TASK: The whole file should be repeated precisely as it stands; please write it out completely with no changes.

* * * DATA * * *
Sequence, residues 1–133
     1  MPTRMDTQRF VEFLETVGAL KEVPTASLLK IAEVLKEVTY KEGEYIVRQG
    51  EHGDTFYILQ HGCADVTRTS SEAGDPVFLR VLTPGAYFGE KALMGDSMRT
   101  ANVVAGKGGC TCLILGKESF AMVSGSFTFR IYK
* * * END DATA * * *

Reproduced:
Sequence, residues 1–133
     1  MPTRMDTQRF VEFLETVGAL KEVPTASLLK IAEVLKEVTY KEGEYIVRQG
    51  EHGDTFYILQ HGCADVTRTS SEAGDPVFLR VLTPGAYFGE KALMGDSMRT
   101  ANVVAGKGGC TCLILGKESF AMVSGSFTFR IYK